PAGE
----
The wave of protests  sweeping all corners of the world has reached Thailand. What’s more: Thailand appears as the latest disturbing example of leaders imposing their will on countries even when not officially in power.
Thaksin Shinawatra served as prime minister of the Asian nation from 2001-06, when he was ousted …

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How U.S. fits in to Egypt events (if at all)

How U.S. fits in to Egypt events (if at all)

Two weeks after Mohamed Morsi was ousted as the leader of Egypt, chaos still reigns. According to state-run media, seven people died on Monday, July 15, in violent skirmishes between Morsi supporters and opponents. An interim government is trying to instill some sense of ruling stability, but the …

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Did Obama’s Africa tour make the right stops?

Did Obama’s Africa tour make the right stops?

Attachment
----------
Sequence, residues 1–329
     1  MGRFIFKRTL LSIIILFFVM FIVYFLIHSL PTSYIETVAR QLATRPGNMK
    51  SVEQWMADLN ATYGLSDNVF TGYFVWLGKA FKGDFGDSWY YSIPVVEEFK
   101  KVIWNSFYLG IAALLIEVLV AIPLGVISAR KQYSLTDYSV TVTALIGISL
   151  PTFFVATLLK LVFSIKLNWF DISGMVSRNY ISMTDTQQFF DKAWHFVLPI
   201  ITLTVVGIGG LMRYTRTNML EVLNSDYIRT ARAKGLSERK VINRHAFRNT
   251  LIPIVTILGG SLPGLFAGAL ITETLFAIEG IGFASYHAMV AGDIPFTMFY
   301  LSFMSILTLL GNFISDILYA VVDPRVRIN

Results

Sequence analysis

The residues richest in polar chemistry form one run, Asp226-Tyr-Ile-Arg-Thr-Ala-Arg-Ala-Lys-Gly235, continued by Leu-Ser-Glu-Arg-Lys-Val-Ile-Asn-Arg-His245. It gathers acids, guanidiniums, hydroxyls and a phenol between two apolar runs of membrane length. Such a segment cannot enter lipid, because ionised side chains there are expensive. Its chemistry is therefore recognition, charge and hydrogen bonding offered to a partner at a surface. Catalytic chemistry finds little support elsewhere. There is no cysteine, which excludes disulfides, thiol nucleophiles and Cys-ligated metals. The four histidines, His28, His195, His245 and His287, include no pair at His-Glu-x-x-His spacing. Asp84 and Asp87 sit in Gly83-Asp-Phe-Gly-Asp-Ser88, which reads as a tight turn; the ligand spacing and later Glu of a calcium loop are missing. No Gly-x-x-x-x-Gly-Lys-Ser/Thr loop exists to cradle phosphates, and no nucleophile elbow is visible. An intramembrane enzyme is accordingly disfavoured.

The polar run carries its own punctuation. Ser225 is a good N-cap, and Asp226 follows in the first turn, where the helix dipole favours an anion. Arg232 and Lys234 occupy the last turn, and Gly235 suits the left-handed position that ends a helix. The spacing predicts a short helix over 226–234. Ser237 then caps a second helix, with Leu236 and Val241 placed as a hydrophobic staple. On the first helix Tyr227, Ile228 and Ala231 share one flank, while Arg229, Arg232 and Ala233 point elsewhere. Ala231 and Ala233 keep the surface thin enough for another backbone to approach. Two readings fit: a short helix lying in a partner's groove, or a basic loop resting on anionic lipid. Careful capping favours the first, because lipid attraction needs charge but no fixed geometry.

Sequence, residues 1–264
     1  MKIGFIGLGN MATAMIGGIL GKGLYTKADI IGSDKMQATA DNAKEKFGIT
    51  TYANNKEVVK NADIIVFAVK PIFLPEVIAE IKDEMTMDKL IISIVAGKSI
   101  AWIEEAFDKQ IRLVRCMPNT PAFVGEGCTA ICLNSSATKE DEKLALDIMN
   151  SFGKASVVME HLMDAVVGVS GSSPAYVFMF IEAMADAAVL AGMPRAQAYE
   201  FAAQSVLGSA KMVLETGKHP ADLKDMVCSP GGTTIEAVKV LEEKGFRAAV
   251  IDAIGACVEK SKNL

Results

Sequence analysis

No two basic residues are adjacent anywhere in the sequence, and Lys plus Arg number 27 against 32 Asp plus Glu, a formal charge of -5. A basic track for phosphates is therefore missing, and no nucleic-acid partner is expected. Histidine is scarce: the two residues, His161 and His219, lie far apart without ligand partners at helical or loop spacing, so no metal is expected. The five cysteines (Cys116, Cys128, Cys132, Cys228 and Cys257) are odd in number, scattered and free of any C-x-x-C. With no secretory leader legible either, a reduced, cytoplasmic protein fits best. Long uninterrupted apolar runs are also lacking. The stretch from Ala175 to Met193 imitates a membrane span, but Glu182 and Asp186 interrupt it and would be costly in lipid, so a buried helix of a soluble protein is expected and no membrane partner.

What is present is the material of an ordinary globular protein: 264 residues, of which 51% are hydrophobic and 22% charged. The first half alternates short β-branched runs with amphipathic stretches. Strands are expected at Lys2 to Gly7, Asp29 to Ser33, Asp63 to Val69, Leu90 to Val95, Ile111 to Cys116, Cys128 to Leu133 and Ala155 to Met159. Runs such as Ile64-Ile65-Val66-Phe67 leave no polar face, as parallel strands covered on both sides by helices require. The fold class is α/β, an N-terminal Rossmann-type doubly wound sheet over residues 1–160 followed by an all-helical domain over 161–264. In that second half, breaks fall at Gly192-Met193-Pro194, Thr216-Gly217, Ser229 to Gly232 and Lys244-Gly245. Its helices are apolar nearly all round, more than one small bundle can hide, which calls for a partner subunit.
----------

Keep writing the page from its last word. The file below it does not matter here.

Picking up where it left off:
Apparently President Obama has received some criticism over taking the “easy road” in his visit to Africa earlier this week. Instead of drawing attention to more troubled spots on the continent such as Nigeria or Kenya, he choose to visit the relatively safe, stable, and democratically potent (at least in …

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Iran’s election: What it means for democracy and foreign policy

Iran’s election: What it means for democracy and foreign policy

On Sat. June 15 Iran announced the results of its latest presidential election. In what many saw as a surprise, Hassan Rowhani – a relatively moderate cleric — emerged as the outright winner. Instead of protests in the streets as followed the 2009 reelection of the hard-line Mahmoud Ahmadinejad, …